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Thread: My first dose decrease since Armour treatment.

  1. #8
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    David's Avatar

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    Nov 2008

    Re: My first dose decrease since Armour treatment.

    This is only my view from what I have read. So don't assume that I am correct. I accept I could have it all wrong.

    My understanding is that T4 is a reservoir that can be stored and used when required. T3 is for more immediate use. It's this that does worry me when I see people wanting to increase their T3 and don't worry too much about their T4. If T3 is too high as it's for more immediate use you can quickly go over and be hyper and then run out.

    If your body runs out of T3 and there becomes an urgent need for more due to lifes little stresses, then if T4 is insufficient there will be a delay in production by the time the piturity gland has been stimulated and produced TSH and that has stimulated the thyroid and the thyroid produces T4 and T3. The body probably can't wait that long. So it seems to me you must have a balance of T4 and T3.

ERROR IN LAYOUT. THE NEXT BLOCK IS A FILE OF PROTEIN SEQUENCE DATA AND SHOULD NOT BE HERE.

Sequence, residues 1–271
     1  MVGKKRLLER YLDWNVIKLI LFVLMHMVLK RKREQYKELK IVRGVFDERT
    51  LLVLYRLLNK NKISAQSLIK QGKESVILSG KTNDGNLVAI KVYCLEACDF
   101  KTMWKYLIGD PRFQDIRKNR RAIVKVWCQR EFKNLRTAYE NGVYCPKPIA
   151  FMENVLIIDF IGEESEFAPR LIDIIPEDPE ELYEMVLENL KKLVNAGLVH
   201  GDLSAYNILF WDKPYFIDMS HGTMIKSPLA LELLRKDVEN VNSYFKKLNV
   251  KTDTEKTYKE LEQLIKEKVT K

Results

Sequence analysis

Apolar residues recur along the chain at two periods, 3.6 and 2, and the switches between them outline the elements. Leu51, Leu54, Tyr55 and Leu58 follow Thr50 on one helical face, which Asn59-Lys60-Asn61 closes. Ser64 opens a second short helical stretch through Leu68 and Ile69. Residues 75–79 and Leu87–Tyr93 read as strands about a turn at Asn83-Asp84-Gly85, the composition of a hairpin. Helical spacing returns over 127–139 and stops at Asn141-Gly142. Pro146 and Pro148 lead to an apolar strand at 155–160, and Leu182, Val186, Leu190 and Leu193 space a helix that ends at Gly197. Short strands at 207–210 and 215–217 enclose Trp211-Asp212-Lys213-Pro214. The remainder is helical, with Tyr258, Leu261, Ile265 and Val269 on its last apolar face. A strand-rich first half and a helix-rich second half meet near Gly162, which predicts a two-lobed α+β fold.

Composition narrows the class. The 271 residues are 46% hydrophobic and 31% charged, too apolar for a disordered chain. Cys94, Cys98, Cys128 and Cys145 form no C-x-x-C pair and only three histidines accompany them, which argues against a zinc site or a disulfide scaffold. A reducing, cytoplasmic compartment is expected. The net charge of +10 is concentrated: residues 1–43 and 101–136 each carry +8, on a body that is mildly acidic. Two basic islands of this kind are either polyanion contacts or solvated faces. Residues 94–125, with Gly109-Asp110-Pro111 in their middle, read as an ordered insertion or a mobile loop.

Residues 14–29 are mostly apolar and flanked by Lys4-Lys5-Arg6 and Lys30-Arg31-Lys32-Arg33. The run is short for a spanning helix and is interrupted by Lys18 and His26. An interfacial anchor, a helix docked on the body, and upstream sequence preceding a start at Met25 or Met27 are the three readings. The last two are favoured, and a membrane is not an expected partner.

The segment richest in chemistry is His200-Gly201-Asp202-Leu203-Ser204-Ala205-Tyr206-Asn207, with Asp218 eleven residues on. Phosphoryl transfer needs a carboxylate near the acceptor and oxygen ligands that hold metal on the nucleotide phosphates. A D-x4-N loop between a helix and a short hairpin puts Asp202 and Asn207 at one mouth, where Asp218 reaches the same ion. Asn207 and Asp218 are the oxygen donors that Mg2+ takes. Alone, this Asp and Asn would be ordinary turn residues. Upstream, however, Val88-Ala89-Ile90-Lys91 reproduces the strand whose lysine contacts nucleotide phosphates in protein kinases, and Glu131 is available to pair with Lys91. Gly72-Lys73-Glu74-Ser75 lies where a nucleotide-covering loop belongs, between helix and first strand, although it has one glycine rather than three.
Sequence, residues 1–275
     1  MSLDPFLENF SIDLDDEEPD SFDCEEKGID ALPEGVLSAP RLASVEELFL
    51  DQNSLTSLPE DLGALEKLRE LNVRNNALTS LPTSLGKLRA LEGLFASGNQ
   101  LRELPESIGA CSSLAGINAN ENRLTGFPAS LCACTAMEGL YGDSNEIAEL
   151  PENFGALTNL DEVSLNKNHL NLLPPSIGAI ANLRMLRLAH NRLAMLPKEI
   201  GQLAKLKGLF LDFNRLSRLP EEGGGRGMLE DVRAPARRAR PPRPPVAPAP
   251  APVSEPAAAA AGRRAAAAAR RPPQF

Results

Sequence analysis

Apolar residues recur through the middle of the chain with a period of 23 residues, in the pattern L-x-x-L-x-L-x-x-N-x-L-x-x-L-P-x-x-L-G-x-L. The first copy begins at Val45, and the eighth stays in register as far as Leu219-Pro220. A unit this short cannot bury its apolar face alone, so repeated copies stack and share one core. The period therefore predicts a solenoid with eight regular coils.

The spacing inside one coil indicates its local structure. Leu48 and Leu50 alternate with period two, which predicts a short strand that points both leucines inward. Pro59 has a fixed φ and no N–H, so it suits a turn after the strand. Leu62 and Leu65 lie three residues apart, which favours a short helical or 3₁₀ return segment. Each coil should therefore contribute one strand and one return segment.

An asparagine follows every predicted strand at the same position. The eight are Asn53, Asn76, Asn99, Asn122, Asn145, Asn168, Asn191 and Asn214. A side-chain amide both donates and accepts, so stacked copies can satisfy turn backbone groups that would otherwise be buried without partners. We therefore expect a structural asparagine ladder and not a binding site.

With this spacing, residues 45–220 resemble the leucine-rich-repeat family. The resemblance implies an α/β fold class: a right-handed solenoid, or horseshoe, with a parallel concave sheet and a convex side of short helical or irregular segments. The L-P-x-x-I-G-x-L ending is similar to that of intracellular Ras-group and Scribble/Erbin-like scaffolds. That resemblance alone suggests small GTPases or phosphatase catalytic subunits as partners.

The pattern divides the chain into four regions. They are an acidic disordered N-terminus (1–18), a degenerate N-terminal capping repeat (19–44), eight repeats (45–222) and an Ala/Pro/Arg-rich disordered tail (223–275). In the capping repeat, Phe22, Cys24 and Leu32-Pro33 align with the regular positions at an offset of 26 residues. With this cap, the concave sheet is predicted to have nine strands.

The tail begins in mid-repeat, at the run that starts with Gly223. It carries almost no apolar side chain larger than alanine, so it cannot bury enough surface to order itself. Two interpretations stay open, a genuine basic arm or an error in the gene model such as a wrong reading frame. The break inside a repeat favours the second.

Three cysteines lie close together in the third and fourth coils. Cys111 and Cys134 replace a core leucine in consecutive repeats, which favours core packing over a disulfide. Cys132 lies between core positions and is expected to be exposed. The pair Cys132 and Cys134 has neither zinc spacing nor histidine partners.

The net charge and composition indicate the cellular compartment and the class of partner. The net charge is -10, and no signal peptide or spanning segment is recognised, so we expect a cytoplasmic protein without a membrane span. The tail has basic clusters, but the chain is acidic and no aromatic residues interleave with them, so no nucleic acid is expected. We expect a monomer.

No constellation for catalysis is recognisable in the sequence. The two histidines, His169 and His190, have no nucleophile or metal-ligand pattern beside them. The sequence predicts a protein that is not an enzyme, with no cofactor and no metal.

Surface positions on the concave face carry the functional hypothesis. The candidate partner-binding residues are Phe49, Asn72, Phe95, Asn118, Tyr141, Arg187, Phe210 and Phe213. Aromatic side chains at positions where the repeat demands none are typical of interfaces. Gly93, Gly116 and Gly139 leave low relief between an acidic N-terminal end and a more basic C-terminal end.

T1 and T2 may very well be errors in the manufacture of T4.

    Hope this makes sense of my understanding.


  2. #9
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    ThyroidHealthJim's Avatar

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    Re: My first dose decrease since Armour treatment.

    It does make sense David and I agree with you.
    T4 being a reserve hormone is how I describe it in info I've put out but it does have a purpose at the tissue level just as T3 does but only at about 20% compared to it according to some medical sources. As I mention above, I personally want my T3 to be within normal values but I feel less well if mine gets to mid range and especially below mid range.